THE CHEAP SEATS with STEVE CAMERON: Recent Mariners move a lot like those of the 2015 World Series champions


Want some good news, Mariner fans?

I mean, besides the arrival of Luis Castillo, and the fact that your heroes are currently clinging to a wildcard spot by the width of a toddler fingernail?

OK, here’s what you’ll like…

I have a bit of deja vu.

It’s the feeling of 800,000 people wildly celebrating a World Series win.

In fact, millions of people were cheering, but those 800,000 people had all shown up in person – shoulder to shoulder in a giddy crowd.

Believe me, being there was something special.

Now …

I’m going to explain why the Mariners make me feel like I see the same thing—and the whole Northwest might end up going crazy—but first, I want to ask you a question.

When you think of Major League Baseball in general, what comes to mind about the Kansas City Royals?

Something like …

“Me. Do they have anyone other than Salvador Perez?

“I’m just glad we got to play them three times in September when the Mariners playoffs hang in the balance.”

That’s the general impression here — and everywhere, even in Kansas City.

AND EVEN …

The frenzied crowd of which I spoke, almost a million people screaming, laughing and shouting with pure joy – that was in Kansas City, less than seven years ago.

Granted, the Royals got lost and started wandering the desert after that World Series triumph in 2015.

Everything has separated, from ownership to baseball administrators, scouts and coaches, and naturally to fans – who don’t even bother to call radio talk shows anymore out of frustration.

However …

If we go back a decade or so, from 2012 to 2014, you can see how a pennant winner was built.

What this means to us here and now is that the Mariners are SO much like that Royals team when it was forming.

Do these things sound familiar to you?

Lots of great draft picks. Sharp tracking across the country, and particularly in Latin America. A dramatic trade that was criticized at first, but helped add to a local core.

The NEXT piece of the puzzle could have been an accident, to be honest, but the Royals of this period — all the way through back-to-back World Series appearances — fundamentally changed baseball.

They built a back-to-front pitching stick.

Three or four lockout relievers allowed the Royals to give their starters the chance to throw it all in, knowing they only needed five innings, or six at most.

The Royals had the luxury of scraping a few points here and there, squeezing their way to a slim lead – then slamming the door on another – or a two-point victory.

And so …

Watch how managers are handling their pitchers in the playoffs this year.

“Give me five or six, big guy, and the ‘pen will take care of it from there.”

Game 5 of the 2015 series — which the Royals won 7-2 over the Mets in 12 innings to wrap up their title — was perfectly instructive for understanding baseball today.

Kansas City starter Edison Volquez only pitched six innings, though he allowed a two-run homer on the first and not even another hit.

Kelvin Herrera and his ’90s fastball went three innings, Luke Hochevar pitched two and closer Wade Davis finished by retiring the team in his only inning.

On the other side, Mets manager Terry Collins listened when Matt Harvey asked to pitch the ninth after going eight scoreless innings – and throwing 104 pitches.

The Mets had a closer dominant, Jeurys Familia, who would normally have finished with a 2-0 lead.

In place …

Harvey accompanied Lorenzo Cain to open the ninth, while Collins surprisingly still remained in the dugout. Finally, after Eric Hosmer burned a deep left double to score Cain, Collins called Familia.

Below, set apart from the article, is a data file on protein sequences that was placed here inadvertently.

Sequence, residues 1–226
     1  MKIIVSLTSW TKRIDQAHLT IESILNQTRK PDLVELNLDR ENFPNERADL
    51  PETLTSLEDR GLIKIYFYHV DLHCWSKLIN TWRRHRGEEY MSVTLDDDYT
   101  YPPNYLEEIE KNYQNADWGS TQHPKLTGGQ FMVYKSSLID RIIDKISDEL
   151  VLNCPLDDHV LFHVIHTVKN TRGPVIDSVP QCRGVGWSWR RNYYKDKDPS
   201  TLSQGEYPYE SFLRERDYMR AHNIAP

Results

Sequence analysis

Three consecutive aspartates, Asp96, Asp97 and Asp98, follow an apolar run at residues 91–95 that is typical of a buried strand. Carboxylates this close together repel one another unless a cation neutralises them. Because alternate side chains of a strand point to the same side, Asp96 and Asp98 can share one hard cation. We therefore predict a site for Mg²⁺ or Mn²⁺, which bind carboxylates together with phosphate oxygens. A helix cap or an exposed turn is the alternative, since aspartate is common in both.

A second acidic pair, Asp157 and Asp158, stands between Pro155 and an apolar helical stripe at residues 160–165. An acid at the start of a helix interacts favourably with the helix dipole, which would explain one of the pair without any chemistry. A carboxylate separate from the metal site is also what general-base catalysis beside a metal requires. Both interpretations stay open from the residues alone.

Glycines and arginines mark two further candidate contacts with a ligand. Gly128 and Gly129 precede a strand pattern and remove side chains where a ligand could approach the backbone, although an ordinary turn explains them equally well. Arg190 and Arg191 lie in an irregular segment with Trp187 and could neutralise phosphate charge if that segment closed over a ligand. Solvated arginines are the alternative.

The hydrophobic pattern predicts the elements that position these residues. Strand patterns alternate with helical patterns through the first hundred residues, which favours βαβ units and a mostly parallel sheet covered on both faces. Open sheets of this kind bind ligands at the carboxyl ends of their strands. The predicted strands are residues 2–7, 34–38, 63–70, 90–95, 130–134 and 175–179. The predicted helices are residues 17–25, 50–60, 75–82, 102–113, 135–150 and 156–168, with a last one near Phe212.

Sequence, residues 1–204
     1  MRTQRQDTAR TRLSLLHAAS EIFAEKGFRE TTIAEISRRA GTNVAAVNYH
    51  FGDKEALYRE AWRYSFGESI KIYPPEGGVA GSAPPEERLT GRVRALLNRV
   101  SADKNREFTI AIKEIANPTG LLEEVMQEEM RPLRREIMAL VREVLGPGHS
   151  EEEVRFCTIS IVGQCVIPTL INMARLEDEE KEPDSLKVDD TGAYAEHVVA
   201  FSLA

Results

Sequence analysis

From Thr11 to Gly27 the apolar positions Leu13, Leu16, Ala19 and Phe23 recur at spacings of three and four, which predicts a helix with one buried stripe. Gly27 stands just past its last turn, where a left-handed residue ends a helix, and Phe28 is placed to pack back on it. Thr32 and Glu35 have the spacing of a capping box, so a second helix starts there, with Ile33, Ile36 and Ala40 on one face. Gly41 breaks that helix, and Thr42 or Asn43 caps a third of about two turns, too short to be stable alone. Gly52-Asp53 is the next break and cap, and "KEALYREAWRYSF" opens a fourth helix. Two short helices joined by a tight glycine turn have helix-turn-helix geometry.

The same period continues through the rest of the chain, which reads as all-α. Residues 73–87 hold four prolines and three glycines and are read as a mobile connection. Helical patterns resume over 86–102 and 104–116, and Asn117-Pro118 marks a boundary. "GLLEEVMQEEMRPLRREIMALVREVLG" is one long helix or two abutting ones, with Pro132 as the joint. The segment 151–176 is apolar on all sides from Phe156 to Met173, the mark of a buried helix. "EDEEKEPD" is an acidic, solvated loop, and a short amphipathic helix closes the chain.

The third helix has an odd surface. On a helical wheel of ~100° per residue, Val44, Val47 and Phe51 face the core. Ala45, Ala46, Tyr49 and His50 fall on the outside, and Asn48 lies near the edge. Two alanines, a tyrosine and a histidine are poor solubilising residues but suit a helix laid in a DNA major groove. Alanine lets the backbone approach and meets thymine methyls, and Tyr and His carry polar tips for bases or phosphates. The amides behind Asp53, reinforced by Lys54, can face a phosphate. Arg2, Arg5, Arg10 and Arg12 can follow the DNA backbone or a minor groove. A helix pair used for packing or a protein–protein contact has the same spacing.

Hosmer, however, scored the tying run on two outs on the ground, which ultimately sent the game to the 12th – and the Royals had their series title.

Kansas City’s relievers and Collins’ belief in sticking with a tiresome starter decided the game.

Since then, all managers have learned the lesson.

Nobody wants to imitate poor Terry Collins.

ALL OF THIS brings us to the Mariners of 2022, who (much like the Royals of 2015) aren’t exactly detonating bombs all over the stadium.

They’re only averaging a four-point tick per game, which normally wouldn’t get you into many playoffs.

But they can throw, they play the best defense in baseball, and they’re great base runners.

They play the game.

The Mariners are built like those Royals, and the way Scott Servais uses his pitching team reminds me so much of watching Kansas City in 2015.

Oh, and instead of trying to add the infamous “impact bat” to the trading deadline that year, the Royals traded some of the top prospects for starter Johnny Cueto (of Cincinnati, of all places) and infielder Ben Zobrist.

Jerry Dipoto just did the same thing.

He increased the strength of the team (Castillo) AND its areas of need (backup receiver Curt Casali and center reliever Matt Boyd), as well as finding a situation bat (Jake Lamb).

I feel like I’m seeing those Royals again.

For the comparison to be complete, the Mariners bullpen could be at full strength – with Diego Castillo and Ken Giles both back and needed.

I just don’t know if I see the 2014 Royals, a wildcard team that stomped on a weak field in the American League playoffs – but lost the series to San Francisco in seven games, or… The World Series champion Royals in 2015, who beefed up his base roster a bit, won the Central Division and had all the tools to play baseball today.

Either way, it’s deja vu.

Email: scameron@cdapress.com

Steve Cameron’s “Cheap Seats” column appears in The Press three times a week. He also writes the Zags Tracker, a commentary on Gonzaga’s basketball that is published during the offseason and weekly beginning in October.

Steve invites you to take his advice in the spirit of a song by Jimmy Buffett: “Breathe In, Breathe Out, Move On”.

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